How are the Senate votes counted?

The first thing to think about with Senate vote counting is the quota system. As this is a double dissolution each candidate must receive 7.69% of the vote to gain a seat. The way this is worked out is 100% of votes/12 seats + 1 runner up, so it’s 100/13 (in a normal half Senate election it is 100/7).

To start the Senate count all of the first preference votes are counted and allocated. At this point several people will be elected, and some will have more than the required 7.69% of the vote. These extra votes above the quota are called a surplus.

The AEC state that the next thing that happens in the count is that surpluses are transferred.

So if you vote above the line, the first candidate below that line under the party you’ve numbered is the candidate you’ve given your first preference to. If a lot of other people vote the same way, that candidate will have many more votes than the required 7.69% quota. These surplus votes are then given a transfer value.

What the Australian Electoral Commission (AEC) (or their computer software) does is re-examine every ballot paper that gives the first preference to this elected candidate and look at the second preferences. The surpluses are then transferred in the same percentage as all of the second preferences in that group of ballot papers. The AEC have a handy example of how the transfer values are calculated:

Candidate A gains 1 000 000 votes. If the required quota was 600 000 the surplus would be 400 000.

The transfer value for candidate A's votes would be:

400 000 / 1 000 000 = 0.4

Candidate A's ballot papers (1 000 000) are then re-examined in order to determine the number of votes for second choice candidates.

If candidate A's ballot papers gave 900 000 second preferences to candidate B, then candidate B would receive 360 000 votes (900 000 multiplied by the transfer value of 0.4). These votes would be added to the votes candidate B received in the first count.

If, on receipt of candidate A’s surplus votes, candidate B has then reached the quota, they are elected. If candidate B has any surplus votes, a transfer value would be calculated and votes would be transferred in the same way.

The confusing thing about our voting method is that we tend to think we are giving our vote to a party, rather than a candidate. However, if you vote above the line, the candidate you are giving your vote to, is the first person listed under the line.  Your second preference is the second person in that list under the line and so on until all of the people in that list have a preference from you. Then we move onto the party you have given your number 2 to, and the first candidates listed below the line in this list receives your next preference and then the candidate under them and so on.

If you vote below the line, it is much clearer who you are actually giving your preferences to. They are in the order that you make them.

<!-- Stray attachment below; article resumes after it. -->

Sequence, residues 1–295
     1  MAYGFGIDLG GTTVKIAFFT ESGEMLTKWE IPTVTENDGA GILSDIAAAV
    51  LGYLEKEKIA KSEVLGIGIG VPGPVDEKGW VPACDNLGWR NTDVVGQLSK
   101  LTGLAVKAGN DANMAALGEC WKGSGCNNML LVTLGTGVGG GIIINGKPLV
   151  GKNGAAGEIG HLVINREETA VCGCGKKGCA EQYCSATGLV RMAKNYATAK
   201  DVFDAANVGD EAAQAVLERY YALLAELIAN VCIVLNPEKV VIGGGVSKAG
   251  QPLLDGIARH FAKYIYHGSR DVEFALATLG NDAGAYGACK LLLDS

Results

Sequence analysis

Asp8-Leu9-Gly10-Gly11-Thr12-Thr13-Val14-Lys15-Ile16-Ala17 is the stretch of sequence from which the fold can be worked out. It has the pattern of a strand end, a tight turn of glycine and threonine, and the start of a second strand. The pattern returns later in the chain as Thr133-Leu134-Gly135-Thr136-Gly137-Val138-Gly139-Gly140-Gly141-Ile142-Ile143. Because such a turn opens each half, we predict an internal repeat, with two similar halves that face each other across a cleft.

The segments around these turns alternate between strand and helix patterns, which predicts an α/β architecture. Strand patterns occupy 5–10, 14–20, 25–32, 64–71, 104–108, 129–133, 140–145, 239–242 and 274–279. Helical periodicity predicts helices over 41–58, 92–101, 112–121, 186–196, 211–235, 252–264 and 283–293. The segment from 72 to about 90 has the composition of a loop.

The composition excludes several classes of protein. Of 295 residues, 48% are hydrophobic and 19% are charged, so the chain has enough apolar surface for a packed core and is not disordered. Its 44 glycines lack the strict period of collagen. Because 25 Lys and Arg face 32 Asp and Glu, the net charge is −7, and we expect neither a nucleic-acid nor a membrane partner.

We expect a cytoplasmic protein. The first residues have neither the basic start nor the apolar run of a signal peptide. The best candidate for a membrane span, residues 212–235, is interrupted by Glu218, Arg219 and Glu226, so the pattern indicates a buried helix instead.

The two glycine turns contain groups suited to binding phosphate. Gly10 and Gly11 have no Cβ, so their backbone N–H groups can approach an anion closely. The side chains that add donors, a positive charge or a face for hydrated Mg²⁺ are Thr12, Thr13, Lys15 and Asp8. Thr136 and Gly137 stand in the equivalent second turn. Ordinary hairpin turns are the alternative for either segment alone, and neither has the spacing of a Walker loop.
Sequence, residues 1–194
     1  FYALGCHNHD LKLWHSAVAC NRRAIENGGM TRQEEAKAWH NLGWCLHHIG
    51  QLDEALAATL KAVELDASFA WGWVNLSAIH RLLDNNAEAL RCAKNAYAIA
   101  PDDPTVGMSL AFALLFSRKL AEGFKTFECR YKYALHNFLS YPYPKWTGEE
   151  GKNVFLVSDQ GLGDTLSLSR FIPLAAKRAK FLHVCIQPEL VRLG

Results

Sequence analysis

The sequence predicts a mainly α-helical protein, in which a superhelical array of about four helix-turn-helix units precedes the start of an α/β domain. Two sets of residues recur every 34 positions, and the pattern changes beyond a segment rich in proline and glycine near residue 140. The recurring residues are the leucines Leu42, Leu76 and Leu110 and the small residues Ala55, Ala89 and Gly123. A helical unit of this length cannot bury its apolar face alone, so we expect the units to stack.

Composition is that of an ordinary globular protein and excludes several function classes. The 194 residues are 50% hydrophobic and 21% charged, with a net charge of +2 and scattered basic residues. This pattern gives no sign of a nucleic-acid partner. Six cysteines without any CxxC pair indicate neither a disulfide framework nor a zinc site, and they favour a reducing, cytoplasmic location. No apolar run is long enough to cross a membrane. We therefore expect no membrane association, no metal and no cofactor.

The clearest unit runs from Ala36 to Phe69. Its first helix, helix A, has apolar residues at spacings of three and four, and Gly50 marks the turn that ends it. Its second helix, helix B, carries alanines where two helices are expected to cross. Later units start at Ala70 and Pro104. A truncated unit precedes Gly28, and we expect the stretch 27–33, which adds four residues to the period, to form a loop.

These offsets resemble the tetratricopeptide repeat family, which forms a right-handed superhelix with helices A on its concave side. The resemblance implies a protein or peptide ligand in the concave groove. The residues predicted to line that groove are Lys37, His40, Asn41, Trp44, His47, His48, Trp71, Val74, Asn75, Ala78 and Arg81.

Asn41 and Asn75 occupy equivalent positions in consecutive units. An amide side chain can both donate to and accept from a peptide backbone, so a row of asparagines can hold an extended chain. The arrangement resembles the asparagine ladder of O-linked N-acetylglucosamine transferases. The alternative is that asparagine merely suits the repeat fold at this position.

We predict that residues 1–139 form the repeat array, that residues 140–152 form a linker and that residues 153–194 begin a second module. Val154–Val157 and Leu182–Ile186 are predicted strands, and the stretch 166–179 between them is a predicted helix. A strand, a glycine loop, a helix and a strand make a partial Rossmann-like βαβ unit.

Once the surpluses have been distributed, the next thing that happens in the Senate count is that unsuccessful candidates begin to be excluded. To use NSW for example, there is 151 candidates. After the first preference votes are counted and the surpluses are transferred, the candidate who came 151st in the vote will be excluded. The ballot papers that gave them a 1 will be distributed to the remaining candidates based on the preferences of those ballot papers. If any of the remaining candidates obtain a quota from these preferences they are elected and any surpluses are transferred. Then the overall count is looked at again, the person who is next last is excluded and the distribution of their ballot papers allocated out according to the preferences that voters have made. This goes on until we have elected 12 candidates in the States and two in the Territories.

Because we now have a partial preferential voting system, it means that during the counting process, there will likely be some votes that exhaust. If none of your preferences gain a seat in the Senate, it means that your vote was one that exhausted. And because of these exhausted votes the last one or two Senate Candidates in each State may be elected without a full 7.69% quota.

How many exhausted votes will we have? How many invalid votes will we have? If we put those two figures together at what percentage is our democracy compromised? If 85% of people choose 100% of the Senators? 75%? 50%?

Lisa Hill Professor of Politics, University of Adelaide has written a piece in the Conversation this week explaining why we have a compulsory voting system. She states that:

Governments are more representative and therefore more democratic when everyone votes.


Compulsory voting regimes have lower levels of corruption….They also have higher levels of satisfaction with the way democracy is working than do voluntary systems. In compulsory voting regimes – where just about everybody votes – government attention and spending is more evenly distributed across social classes.

This might be a controversial question, but is deliberately letting your vote exhaust the same as not voting? Let us know what you think.

Photo attributed to the AEC